Malicious script steals credit card info stolen by other hackers

A threat actor has infected an e-commerce store with a custom credit card skimmer designed to siphon data stolen by a previously deployed Magento card stealer.

Credit card skimmers (aka payment card skimmers or Magecart scripts) are JavaScript scripts that cybercrime groups known as Magecart groups inject into hacked e-commerce sites as part of web skimming (also known as e-skimming) attacks.

Their end goal is to steal the payment and personal info submitted by the hacked stores’ customers and collect it on remote servers under their control.

Stealing from thieves

Malwarebytes’ security researchers discovered the piggybacking skimmer while investigating a massive wave of compromised online stores running out of support Magento 1 installations.

Even though spotting multiple card skimmer scripts on the same online shop is not unheard of, this one stood out due to its highly specialized nature.

“The threat actors devised a version of their script that is aware of sites already injected with a Magento 1 skimmer,” Malwarebytes’ Head of Threat Intelligence Jérôme Segura explains in a report shared in advance with Bleeping Computer.

“That second skimmer will simply harvest credit card details from the already existing fake form injected by the previous attackers.”

And the threat actors’ efforts to get their hands on the online store’s customer financial info did not stop there: they also deployed a second version of their skimmer designed to inject payment form fields that closely mimic the shop’s legitimate payment processor.

Costway, the retailer affected in this attack, used Magento 1 software on its France, UK, Germany, and Spain online shops, which got compromised around the same date as spotted by Malwarebytes’ crawlers.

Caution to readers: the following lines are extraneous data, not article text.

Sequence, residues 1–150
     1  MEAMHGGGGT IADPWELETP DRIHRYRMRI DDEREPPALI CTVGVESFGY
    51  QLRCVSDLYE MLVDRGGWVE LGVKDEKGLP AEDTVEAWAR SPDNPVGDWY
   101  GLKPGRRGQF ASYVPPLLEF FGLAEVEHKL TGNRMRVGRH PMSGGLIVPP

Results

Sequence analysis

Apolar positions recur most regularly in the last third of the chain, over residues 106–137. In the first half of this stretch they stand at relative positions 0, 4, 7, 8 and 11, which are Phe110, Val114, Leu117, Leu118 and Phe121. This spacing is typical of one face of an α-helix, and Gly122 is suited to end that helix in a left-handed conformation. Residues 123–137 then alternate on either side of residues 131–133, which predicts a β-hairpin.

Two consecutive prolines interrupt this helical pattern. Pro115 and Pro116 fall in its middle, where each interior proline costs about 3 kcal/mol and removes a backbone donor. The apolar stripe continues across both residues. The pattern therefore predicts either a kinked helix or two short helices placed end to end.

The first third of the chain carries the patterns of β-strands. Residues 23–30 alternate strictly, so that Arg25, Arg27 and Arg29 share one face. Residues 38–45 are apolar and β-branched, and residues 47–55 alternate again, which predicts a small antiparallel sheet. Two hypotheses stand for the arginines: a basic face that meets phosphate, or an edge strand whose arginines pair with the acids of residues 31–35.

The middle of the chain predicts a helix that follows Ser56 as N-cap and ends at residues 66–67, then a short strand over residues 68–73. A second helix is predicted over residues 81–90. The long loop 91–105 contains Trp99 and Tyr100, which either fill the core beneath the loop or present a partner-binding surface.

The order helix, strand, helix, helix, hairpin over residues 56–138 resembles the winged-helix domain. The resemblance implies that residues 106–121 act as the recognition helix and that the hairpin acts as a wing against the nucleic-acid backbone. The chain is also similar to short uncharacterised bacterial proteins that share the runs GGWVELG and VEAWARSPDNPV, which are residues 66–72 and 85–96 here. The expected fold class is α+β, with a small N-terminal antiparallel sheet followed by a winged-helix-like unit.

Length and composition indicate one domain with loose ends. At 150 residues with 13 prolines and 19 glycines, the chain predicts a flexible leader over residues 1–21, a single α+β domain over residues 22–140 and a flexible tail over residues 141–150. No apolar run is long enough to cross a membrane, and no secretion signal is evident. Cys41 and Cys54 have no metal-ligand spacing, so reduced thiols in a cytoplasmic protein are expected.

The skimmer deployed by the first threat actor who hacked Costway’s sites injected its own data harvesting form fields in the sites’ checkout pages.

The second threat actor loaded the custom card skimmers from securityxx[.]top, one that directly collects data from the already present skimmer and the second which activates if the store is cleaned of the malicious code injected during the Magento 1 hack.

As Sophos highlights, the two threat actors installed three separate credit card skimmers after compromising Costway’s stores:

  1. Magento 1 hack skimmer injected directly in checkout page
  2. Custom skimmer (securityxx[.]top/security.js) that steals from Magento 1 skimmer
  3. Custom skimmer (securityxx[.]top/costway.js) that alters legitimate payment iframe

“A large number of Magento 1 sites have been hacked but yet are not necessarily being monetized,” Segura added.

“Other threat actors that want access will undoubtedly attempt to inject their own malicious code.

“When that happens, we see criminals trying to access the same resources and sometimes fighting with one another.”

Malwarebytes notified Costway that their stores were compromised and infected with credit card skimmers but their costway[.]fr website is still compromised.

Magecart attack warnings

In September 2020, an automated hacking campaign targeting Magento sites successfully compromised roughly 2,000 online stores to steal credit cards.

The vast majority of them running Magento 1 software, out of support since June 2020 when it reached the end of support.

Such attacks have become a large enough problem that VISA issued an advisory urging merchants to migrate e-commerce sites to the more secure Magento 2.x software.

The U.S. Federal Bureau of Investigation (FBI) also issued a warning in October 2019 regarding e-skimming threats targeting both government agencies and SMBs (small and medium-sized businesses) that process online payments.

The FBI advises site owners to keep their software updated as one of the main mitigation measures against Magecart attacks.

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